Women Empowerment

A comprehensive approach to ending violence against women in rural India

As part of the programme, awareness raising on how to prevent and respond to violence against women, youth and children has extended beyond the tea plantation to the wider rural community. , including schools. Mass gender equality campaigns using community-led performing arts and crafts, such as interactive theater performances, dance and music, reached over 6,000 community members , and 371 children participated in early intervention programs focused on violence prevention.

When the COVID-19 pandemic hit in 2020 and campaign activities could not be conducted in person, an online Facebook campaign was launched and reached nearly 300,000 people.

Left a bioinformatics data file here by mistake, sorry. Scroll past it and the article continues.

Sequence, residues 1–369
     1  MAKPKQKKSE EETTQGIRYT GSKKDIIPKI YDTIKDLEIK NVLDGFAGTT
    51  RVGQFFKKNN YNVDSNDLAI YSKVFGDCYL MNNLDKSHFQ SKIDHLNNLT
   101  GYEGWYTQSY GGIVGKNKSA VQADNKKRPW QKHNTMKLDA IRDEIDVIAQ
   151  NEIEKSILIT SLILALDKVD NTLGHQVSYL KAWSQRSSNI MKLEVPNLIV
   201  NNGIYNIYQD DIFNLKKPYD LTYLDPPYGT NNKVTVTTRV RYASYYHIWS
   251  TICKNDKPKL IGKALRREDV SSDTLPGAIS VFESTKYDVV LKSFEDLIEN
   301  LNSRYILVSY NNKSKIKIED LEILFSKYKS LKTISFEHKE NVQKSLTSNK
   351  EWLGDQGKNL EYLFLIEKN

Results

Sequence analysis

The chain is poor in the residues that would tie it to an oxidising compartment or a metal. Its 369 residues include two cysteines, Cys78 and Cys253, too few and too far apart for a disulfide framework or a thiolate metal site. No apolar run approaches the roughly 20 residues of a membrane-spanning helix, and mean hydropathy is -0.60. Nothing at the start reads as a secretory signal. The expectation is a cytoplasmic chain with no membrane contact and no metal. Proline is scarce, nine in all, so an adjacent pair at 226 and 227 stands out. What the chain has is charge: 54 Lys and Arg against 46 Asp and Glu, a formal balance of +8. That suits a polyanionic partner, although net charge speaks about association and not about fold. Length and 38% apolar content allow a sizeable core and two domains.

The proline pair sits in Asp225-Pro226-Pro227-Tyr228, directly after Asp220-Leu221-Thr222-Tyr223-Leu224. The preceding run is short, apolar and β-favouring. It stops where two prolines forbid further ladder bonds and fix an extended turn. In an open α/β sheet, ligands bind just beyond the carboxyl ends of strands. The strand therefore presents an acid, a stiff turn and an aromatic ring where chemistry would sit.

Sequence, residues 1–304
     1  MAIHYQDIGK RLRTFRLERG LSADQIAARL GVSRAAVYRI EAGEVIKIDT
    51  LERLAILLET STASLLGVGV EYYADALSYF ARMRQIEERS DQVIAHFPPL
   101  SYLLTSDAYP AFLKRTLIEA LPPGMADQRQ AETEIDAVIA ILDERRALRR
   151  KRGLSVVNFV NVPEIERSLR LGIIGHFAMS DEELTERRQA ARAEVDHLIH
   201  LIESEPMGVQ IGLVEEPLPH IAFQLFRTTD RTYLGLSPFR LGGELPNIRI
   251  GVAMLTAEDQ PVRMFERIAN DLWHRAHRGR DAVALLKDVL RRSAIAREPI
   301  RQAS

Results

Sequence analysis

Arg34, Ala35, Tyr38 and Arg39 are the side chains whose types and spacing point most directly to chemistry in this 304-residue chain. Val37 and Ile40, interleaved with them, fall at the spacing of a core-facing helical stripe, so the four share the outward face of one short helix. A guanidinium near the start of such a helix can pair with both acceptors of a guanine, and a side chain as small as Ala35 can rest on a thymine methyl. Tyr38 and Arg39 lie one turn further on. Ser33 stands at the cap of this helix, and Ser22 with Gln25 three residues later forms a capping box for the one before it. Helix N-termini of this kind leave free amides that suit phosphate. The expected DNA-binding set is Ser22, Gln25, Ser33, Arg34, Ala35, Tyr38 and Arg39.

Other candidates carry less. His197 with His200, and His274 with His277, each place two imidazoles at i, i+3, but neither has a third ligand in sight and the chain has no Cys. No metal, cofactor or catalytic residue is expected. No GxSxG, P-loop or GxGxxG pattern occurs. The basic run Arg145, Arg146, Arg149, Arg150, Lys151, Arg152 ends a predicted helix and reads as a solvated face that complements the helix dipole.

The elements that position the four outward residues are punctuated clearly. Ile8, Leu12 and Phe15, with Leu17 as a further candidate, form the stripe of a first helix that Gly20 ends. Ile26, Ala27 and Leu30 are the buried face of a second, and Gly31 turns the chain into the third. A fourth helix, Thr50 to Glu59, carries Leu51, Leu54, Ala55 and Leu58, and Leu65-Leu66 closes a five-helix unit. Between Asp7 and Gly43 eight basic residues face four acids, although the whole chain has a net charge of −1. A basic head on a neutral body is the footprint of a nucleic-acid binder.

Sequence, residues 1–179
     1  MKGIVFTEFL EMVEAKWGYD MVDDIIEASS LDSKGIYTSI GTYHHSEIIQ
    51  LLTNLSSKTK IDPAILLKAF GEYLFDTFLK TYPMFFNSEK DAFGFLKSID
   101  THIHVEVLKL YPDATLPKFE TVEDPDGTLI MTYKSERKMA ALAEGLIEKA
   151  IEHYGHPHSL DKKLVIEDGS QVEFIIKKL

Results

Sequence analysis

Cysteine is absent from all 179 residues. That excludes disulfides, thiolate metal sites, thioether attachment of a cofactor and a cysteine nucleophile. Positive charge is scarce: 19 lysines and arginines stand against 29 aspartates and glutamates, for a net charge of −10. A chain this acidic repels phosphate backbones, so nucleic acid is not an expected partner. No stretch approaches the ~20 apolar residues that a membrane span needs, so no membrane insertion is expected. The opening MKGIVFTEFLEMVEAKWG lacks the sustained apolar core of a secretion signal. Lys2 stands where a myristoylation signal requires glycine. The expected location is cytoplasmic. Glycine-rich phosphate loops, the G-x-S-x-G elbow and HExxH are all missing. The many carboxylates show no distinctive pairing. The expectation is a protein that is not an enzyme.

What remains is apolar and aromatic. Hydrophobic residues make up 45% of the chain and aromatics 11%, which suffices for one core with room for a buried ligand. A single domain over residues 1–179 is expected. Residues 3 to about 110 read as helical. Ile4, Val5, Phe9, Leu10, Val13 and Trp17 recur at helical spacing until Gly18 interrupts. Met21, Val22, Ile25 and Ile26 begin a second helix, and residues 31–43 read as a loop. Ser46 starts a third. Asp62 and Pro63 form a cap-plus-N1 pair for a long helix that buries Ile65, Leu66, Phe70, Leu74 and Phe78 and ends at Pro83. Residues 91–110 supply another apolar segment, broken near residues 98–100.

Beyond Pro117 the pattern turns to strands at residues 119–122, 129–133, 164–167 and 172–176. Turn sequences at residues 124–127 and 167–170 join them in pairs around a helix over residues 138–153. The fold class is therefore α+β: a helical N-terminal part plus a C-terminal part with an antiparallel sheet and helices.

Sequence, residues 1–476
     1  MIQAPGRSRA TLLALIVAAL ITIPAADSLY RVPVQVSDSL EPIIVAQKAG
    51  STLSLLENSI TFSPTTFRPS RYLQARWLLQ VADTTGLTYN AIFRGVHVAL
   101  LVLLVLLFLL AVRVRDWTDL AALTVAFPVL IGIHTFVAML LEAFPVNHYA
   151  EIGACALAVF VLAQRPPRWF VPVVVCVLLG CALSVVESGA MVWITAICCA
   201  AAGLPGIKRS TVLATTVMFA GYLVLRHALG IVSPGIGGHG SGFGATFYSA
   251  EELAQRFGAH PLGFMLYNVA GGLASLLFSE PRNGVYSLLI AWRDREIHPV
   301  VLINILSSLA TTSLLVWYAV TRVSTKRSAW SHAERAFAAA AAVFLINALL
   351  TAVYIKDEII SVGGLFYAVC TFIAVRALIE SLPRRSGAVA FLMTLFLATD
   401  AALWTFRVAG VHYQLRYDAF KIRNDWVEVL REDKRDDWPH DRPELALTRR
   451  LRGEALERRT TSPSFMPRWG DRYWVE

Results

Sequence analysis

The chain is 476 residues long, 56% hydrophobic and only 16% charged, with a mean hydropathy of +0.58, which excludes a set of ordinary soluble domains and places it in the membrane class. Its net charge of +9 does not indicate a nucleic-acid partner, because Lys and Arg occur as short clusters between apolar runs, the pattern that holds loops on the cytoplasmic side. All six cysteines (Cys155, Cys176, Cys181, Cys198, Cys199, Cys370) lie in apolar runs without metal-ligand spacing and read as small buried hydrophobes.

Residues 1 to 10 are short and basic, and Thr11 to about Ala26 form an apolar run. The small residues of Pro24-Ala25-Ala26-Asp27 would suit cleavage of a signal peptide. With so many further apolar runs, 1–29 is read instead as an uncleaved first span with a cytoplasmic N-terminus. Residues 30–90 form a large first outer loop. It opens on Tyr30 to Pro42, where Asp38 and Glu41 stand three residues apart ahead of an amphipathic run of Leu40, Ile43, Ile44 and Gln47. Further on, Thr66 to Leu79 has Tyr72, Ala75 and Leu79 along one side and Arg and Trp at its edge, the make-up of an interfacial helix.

“I have observed that after UN Women’s work on the tea plantation, more and more families allow their daughters to enroll in computer training courses. My sister is also taking computer classes,” says Mohammed Mondal*, 20, who lives in one of the tea plantations and participated as an actor in one of the interactive theater performances.

“Before, families wouldn’t allow their daughters to enroll. By the time the girls turn 17 or 18, they are married. My parents want my sister to get married at 18. But a girl can have her dreams and wishes. I discussed with my family so that my sister would be allowed to finish her studies and then get married,” Mondal exclaims.


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